This position may go on for some years, and I believe that it is a dangerous position. It is a real challenge to what is often described as the political genius of the British people. The question I wish to ask is: Can British politicians once again rise to the occasion, or must they go on and on in the same way, with all-night sittings, slap-dash attacks on each other, weary and sleepy M.Ps. emerging from their futile labours as day dawns after nights of harrying tactics, to use the picturesque phrase of Mr. Boothby? Now that Mr. Boothby is on the Government side he says that it was a foolish remark to make. There is an alternative, and I am certain that an overwhelming majority of the public realise it, even if Members of Parliament do not. To use a Labour phrase, I suggest that we "face the facts," and the facts are these. This is the situation as I see it. The main political Parties are almost equally matched in another place, and, so far as one can judge, in the country. They may remain so for years to come. In the meantime, certain problems urgently require legislation. One of them is housing, particularly in its financial aspect. The noble Viscount, Lord Buckmaster, has brought one phase to our notice to-day. I have already said that his case for speedy action is unanswerable. I doubt whether any responsible Member in either House would deny that the revision of the Rent Restrictions Acts is overdue.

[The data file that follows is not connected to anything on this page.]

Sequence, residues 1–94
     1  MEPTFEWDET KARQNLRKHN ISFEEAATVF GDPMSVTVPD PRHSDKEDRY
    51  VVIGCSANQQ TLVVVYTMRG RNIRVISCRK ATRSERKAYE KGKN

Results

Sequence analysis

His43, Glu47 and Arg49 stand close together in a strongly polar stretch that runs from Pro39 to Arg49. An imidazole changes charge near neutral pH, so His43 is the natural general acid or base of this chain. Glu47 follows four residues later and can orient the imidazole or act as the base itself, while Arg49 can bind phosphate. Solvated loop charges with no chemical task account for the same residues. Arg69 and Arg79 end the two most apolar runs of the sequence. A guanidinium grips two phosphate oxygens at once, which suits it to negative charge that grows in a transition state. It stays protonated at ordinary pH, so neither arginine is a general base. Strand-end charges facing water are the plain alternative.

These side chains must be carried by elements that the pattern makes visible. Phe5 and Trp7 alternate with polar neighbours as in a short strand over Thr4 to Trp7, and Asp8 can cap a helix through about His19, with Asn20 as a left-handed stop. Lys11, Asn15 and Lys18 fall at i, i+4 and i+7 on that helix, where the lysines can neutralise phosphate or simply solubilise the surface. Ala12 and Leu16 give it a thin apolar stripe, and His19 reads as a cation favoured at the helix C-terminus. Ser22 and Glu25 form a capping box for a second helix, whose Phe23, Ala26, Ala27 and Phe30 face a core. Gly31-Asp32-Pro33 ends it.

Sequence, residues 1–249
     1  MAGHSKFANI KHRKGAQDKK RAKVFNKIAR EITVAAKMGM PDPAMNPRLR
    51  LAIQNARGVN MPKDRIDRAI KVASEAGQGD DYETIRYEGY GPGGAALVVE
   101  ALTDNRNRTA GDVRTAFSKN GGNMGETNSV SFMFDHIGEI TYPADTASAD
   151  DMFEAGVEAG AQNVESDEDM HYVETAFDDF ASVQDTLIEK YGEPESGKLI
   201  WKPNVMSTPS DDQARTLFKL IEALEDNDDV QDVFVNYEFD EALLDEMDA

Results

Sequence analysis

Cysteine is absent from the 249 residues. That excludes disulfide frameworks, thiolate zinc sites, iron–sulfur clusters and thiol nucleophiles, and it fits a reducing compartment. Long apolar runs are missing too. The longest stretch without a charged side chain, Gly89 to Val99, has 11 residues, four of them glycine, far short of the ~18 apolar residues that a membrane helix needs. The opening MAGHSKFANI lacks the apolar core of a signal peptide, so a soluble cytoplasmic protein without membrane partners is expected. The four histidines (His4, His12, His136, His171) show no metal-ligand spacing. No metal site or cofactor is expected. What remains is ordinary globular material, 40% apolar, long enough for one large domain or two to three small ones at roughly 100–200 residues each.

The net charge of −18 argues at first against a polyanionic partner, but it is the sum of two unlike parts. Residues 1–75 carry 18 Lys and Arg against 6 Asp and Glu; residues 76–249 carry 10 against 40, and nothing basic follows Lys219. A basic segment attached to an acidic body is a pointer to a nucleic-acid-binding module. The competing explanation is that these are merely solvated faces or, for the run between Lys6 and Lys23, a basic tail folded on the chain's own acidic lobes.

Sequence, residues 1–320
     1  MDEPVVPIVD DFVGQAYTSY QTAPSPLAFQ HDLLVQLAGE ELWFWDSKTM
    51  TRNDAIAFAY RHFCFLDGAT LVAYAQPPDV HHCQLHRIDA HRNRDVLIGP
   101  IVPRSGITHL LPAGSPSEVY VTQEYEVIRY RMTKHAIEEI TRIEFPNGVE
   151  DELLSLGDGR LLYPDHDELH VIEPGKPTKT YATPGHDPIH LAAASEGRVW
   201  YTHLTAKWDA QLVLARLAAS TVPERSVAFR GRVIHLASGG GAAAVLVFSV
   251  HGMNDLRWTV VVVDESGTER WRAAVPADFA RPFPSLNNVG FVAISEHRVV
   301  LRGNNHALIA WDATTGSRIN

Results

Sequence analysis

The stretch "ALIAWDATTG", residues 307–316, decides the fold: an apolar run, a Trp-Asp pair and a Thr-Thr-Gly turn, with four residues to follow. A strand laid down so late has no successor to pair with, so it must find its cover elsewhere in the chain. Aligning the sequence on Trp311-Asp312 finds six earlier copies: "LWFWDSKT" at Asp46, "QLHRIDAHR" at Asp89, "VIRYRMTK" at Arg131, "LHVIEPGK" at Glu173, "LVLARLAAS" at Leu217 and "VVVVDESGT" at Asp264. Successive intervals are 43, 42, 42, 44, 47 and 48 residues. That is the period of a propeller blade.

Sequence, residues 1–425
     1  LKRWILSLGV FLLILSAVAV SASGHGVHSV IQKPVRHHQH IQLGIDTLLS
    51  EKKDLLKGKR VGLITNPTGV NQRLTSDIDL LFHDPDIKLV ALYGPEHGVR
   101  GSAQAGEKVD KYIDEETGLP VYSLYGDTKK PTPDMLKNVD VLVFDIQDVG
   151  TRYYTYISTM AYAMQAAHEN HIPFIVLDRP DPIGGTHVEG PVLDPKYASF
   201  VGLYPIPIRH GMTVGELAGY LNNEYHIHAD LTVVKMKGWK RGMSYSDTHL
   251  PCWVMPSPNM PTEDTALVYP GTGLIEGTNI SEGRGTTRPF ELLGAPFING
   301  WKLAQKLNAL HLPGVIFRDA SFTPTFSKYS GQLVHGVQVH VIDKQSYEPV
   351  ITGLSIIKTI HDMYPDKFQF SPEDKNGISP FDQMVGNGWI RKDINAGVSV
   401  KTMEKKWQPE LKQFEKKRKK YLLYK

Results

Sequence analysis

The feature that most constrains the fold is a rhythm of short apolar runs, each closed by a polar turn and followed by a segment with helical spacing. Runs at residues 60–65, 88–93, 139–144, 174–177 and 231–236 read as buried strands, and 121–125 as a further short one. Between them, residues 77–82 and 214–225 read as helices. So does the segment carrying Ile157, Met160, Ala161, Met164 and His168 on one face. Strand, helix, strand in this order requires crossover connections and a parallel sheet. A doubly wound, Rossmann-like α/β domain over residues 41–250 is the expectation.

Another Motion dealing with the same phase of the problem has been on the Order Paper for some time in the name of the noble Lord, Lord Meston, from the Liberal Benches. Yet a third stands in the name of Lord Broughshane; another was raised recently by the noble Lord. Lord Silkin, in a speech which received much public approval, and he has already spoken to-day; and, if I may be pardoned for referring to the fact, I recently drew the attention of your Lordships to a new financial crisis which is now threatening nearly every local authority in Great Britain. I said then that with a little common sense and a spirit of sweet reasonableness these urgent matters could be settled very largely on non-Party lines. I repeat that. I go further and say that, in my opinion, unless they are lifted above Party politics they will bring this Government down. Noble Lords may ask why I should worry about that I do not; but it will bring the next Government down as well; and, in either case, the success or failure of any political Party is of less importance to me than getting the housing problem straightened up, because it means so much for the future of the country—and, I might say, for helping to preserve the confidence of the people in democratic government.